Interestingly, Cat seems OK with the competition, only objecting to Williams' betraying of the team ethos by taking it outside the huddle. In a flashback scene we see him driving Williams to his first training camp and giving him plenty of encouragement. And when the coach asks Cat about which of his backups to cut, he chooses keeping Williams because he admits the kid scares him, while he others do not.
There's a romantic angle in the movie -- because of course there is. Cat is seemingly happily married to Julie (Jessica Walter) though they're childless and her interest in in football has waned as her own career as a fashion designer has started to take off. (Without producing a lot of income, though, which adds to the tension.)
He runs into Ann Marley (Diana Muldaur), a former model who now owns a tennis club. She performs an elaborately coy seduction, simultaneously aggressive and hard to get. Ann lets Cat know she's interested and available, drops lots of hints, then acts timid and sorrowful when he finally is ready to close the deal.
Ann and Julie are very similar, from their wide faces with big eyes framed by soft brown hair, to the fact they're strong-willed women who have their own vocations, yet are willing to submit to Cat's dominance. (This is still a mainstream film from Hollywood, after all.)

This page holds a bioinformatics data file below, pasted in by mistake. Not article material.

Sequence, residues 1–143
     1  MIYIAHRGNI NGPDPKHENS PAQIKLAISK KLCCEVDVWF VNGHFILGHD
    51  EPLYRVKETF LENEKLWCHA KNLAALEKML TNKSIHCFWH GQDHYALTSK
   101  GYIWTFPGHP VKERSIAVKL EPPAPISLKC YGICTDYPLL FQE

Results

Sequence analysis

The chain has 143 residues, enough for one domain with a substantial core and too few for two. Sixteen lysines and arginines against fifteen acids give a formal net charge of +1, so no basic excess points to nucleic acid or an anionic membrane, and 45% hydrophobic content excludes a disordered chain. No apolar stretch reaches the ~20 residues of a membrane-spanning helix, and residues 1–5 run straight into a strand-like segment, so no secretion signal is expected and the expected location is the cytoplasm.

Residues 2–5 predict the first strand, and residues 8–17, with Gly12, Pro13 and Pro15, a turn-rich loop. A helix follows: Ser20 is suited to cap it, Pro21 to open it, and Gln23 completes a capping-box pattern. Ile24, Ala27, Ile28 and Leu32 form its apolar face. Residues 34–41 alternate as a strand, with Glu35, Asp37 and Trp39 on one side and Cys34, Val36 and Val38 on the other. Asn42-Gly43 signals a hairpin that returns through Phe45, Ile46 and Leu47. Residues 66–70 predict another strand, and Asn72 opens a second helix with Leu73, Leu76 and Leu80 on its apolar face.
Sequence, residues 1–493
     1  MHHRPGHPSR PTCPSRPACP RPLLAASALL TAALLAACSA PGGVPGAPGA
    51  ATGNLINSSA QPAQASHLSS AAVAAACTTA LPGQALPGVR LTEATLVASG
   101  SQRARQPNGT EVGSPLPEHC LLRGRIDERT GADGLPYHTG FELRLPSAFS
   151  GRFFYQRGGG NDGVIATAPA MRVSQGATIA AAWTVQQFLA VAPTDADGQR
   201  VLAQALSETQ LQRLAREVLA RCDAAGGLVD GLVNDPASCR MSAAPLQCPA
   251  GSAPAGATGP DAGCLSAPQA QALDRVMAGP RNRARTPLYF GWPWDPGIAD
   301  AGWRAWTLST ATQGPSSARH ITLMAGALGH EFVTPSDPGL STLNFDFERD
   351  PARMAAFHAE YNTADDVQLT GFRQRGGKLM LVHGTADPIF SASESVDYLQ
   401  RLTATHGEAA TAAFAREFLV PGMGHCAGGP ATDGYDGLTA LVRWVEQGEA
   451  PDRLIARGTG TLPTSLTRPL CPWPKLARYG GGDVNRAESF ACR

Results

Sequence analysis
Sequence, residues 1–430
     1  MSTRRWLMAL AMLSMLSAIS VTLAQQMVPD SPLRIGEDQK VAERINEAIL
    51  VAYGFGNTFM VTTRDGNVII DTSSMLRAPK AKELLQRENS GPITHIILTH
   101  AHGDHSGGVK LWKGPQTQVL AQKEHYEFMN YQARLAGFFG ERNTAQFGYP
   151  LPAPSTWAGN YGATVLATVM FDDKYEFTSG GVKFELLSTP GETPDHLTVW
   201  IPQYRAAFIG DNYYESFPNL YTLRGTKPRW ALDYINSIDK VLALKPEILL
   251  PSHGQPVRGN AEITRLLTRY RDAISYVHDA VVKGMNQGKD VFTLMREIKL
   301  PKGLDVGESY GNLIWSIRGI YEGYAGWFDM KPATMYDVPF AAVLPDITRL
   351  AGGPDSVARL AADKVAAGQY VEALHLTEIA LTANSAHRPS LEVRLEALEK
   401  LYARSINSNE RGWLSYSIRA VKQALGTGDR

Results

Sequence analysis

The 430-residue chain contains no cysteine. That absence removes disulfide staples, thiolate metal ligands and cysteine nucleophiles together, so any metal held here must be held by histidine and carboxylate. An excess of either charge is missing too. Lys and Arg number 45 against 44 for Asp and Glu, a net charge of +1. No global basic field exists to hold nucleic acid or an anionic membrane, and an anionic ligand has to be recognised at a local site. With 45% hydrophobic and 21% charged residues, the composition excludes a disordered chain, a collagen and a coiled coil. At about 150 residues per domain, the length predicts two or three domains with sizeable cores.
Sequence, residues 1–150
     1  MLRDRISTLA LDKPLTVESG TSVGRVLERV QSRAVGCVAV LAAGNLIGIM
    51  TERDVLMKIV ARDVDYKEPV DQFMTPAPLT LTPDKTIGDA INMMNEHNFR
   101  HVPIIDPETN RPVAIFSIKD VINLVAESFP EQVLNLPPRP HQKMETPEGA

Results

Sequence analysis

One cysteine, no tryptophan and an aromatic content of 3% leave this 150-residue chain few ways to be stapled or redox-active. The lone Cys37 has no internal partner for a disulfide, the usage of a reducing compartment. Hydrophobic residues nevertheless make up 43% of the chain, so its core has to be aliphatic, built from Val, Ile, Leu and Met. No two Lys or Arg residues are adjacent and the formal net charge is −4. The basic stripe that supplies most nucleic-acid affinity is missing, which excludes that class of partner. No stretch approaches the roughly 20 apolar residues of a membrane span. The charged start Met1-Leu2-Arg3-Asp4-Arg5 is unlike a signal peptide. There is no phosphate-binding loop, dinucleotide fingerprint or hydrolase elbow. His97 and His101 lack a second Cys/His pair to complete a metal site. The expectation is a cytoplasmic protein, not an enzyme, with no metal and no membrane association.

One scene that registers very high on the "icky" scale is where Cat arrives at Julie's studio after a show and finds her getting a backrub from Robin (Steve Franken), her flamboyantly gay colleague. Robin likes to fling a lot of inert flirtations at Cat just to get a rise out of him, and this time ne nearly takes the man's head off, hollering that his mannerisms disgust him.
The couple proceed to have a knock-down fight -- quite literally, as he angrily grabs her, bends her backward over a couch and basically forces himself on her. (Though she ultimately gives in and joins in... again, Hollywood.)
One of the big impediments to Cat retiring is, surprising to us today, money. Though well paid by contemporary standards, Cat complains the NFL owners treat their players like "peons." Most of the men he came up with in the game have gone on to lucrative second careers -- or become stumblebums asking for a handout while relishing their glory days.
Doing a little research I learn the average NFL salary in 1969 was $25,000, or about $150k in today's dollars. Top players like Cat might earn double that, so although firmly in the comfortable range his pay wouldn't have allowed him to stop working at 40 -- unless he were willing to live a crimped life, which he is not.
Cat wants to see if he can ease out into the high life, or something like it. A couple of offers present themselves. One is at a computer company, where an executive only a few years older than him warns that with all the smart kids coming out of college, he might not be able to hire him for a management job in six months -- or even driving the company truck in another year.